46 terms

CS 110 Chapter 8


Terms in this set (...)

Allows separate systems to communicate directly with each other, eliminating the need for manual entry into multiple systems
Forward Integration
Takes information entered into a given system and sends it automatically to all downstream systems and processes
Backward Integration
Takes information entered into a given system and sends it automatically to all upstream systems and processes
Enterprise System
Provide enterprisewide support and data access for a firm's operations and business processes
Enterprise application integration (EAI)
Connects the plans, methods, and tools aimed at integrating separate enterprise systems
Several different types of software that sit between and provide connectivity for two or more software applications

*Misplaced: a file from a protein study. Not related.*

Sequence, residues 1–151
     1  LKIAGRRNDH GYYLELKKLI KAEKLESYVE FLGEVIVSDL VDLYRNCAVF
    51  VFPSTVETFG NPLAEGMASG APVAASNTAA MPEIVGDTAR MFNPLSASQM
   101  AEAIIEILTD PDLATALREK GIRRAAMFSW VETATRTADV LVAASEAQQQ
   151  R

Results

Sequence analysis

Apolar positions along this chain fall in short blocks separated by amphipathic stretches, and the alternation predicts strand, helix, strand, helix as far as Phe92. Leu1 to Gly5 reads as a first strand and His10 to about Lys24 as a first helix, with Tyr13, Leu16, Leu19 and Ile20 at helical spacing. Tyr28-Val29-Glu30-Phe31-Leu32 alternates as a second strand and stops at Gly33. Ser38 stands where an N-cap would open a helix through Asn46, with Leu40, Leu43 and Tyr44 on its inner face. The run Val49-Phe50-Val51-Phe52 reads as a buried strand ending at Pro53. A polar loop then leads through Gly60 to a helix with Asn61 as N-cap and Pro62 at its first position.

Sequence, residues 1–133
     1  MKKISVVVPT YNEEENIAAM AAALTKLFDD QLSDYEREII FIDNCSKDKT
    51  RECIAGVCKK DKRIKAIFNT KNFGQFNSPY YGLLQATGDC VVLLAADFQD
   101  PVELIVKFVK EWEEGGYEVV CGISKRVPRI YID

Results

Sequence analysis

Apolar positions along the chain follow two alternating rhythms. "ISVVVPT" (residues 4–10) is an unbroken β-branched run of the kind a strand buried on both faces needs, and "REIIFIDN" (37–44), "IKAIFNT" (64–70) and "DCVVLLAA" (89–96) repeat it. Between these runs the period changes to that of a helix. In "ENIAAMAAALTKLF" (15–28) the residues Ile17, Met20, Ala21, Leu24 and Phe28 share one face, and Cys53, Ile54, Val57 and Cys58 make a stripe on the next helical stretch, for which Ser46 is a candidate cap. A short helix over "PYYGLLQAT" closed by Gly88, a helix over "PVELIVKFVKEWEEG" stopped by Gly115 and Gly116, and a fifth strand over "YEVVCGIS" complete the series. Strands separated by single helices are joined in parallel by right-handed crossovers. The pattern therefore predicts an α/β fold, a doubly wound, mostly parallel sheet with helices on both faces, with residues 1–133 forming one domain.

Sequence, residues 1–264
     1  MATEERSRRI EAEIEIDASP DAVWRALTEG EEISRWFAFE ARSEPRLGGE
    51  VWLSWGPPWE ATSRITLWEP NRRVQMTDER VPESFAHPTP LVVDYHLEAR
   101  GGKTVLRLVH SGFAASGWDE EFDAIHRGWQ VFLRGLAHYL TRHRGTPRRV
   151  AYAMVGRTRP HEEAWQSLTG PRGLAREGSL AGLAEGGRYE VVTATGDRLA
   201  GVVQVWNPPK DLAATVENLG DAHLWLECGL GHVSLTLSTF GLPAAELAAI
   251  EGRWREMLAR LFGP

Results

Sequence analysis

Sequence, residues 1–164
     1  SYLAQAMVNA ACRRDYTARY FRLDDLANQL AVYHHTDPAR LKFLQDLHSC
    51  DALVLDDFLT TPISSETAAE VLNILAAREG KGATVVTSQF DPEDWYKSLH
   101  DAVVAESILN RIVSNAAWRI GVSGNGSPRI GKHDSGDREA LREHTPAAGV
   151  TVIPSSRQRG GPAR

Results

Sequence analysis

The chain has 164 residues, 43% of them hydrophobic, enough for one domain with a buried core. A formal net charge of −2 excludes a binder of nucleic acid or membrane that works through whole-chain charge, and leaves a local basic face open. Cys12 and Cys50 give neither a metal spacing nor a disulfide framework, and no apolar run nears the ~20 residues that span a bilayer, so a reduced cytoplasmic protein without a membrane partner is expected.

Enterprise application integration middleware
Takes a new approach to middleware by packaging commonly used applications together, reducing the time needed to integrate applications from multiple vendors
This is the strategic portion of supply chain management. A company must have a plan for managing all the resources that go toward meeting customer demand for products or services. A big piece of planning is developing a set of metrics to monitor the supply chain so that it is efficient, costs less, and delivers high quality and value to customers.
Companies must carefully choose reliable suppliers that will deliver goods and services required for making products. Companies must also develop a set of pricing, delivery, and payment processes with suppliers and create metrics for monitoring and improving the relationships.